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Rupture of the Anterior Cruciate Ligament

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					                                     Rupture of the Anterior Cruciate Ligament

The cruciate ligaments are located on the inside of the stifle (knee). They stabilize the connection between the
    femur and the tibia in a forward/backward direction. The caudal cruciate ligament is much thicker and stronger
    than the cranial cruciate and rarely tears.

In order for a joint to be stable, all of the forces that are applied within the joint need to be countered by an equal
    opposing force; if any of these forces become unequal the joint will become unstable. The forces that are ap-
    plied in the normal canine or feline stifle would cause the femur to slide off of the back of the tibia, but these
    forces are neutralized by the Anterior Cruciate Ligament (ACL). When the ACL is torn this neutralizing force
    is lost and the femur tries to slide off of the back of the tibia with every step that is taken. This movement is
    called Tibial Thrust or Drawer Motion and can be demonstrated with palpation while your dog is sedated. This
    instability causes pain because tissues that are now forced to hold the joint are not designed to do so, and in
    their attempt to hold the joint steady they are stretched and/or stressed with a load beyond their capacity.

Rupture of the ACL is one of the most common causes of rear limb lameness in dogs. They will typically become
    suddenly lame; sometimes they cannot put any weight on the limb at all. The tear can be partial or complete.
    A partial tear may be able to provide some stability to the joint, but it is still very painful. This is because the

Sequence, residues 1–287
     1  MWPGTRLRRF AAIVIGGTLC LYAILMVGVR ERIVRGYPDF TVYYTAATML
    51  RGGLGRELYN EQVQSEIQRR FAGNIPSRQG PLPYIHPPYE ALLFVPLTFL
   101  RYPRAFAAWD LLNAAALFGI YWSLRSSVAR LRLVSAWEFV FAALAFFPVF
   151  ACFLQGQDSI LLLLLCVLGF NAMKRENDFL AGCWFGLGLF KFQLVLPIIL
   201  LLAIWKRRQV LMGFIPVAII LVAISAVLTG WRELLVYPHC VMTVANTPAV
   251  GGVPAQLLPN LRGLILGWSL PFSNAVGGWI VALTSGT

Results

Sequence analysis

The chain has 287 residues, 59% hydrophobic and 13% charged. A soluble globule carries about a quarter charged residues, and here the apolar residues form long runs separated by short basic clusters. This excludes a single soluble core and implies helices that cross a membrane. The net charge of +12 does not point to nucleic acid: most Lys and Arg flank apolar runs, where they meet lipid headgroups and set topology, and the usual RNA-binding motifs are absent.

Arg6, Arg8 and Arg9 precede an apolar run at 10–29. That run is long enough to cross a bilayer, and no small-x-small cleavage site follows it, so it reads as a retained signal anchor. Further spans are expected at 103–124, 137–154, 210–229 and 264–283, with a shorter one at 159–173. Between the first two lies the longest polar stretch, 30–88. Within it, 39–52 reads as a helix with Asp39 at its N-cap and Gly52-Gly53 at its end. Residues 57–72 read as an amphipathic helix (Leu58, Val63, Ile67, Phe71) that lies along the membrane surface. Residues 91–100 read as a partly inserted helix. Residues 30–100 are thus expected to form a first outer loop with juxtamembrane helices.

ligament has pain receptors that are stimulated when a partially torn ligament is loaded. Most partial tears will
    eventually become complete tears because the damaged ligament cannot heal adequately to carry a normal
    weight load. When the ACL is injured with either a partial or complete tear the damaged tissue releases
    chemicals into the joint, these chemicals will cause other changes in the joint that aggravate the disease process.
    These chemicals thin the joint fluid so that it will not protect and lubricate the joint in a normal manner and
    the cartilage of the joint will be damaged and eroded leading to other secondary arthritic changes. Left un-
    treated the affected joint will be a source of continued pain. Over time even though this pain does not disap-
    pear it does seem that some patients will “get used to it.” However, the abnormal joint will continue developing
    arthritis, leading to cartilage loss and eventually bone on bone grinding. Therefore, stabilizing the stifle with a
    torn ligament is important for both the long term and short term comfort of your pet.

Studies have shown that a dog will only bear 20-30% of their normal weight on a torn ACL. This puts the ACL of
    the other stifle at risk for rupture because of the increased weight it must carry as a result of the pain in the
    damaged stifle. Approximately 40% of the dogs that have torn one ACL will tear the ligament in their other
    stifle. For this reason it is important to seek care for a torn ACL as soon as possible and hopefully prevent the
    need to repair both.

The only way to stabilize a dog’s stifle with a torn ligament is through some type of surgery. Over the years there
    have been several techniques developed to accomplish this stabilization. However most have not met with
    satisfactory results on a long term basis. The most common procedures being performed at this time are the
    external capsular repair, the TPLO, and the TTA. There is a more detailed description of these procedures in
    the TTA section of this site.